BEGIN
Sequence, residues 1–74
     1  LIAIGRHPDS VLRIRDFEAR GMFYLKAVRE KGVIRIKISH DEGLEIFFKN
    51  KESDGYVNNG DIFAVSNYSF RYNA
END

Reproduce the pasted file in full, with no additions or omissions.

Sequence, residues 1–74
     1  LIAIGRHPDS VLRIRDFEAR GMFYLKAVRE KGVIRIKISH DEGLEIFFKN
    51  KESDGYVNNG DIFAVSNYSF RYNA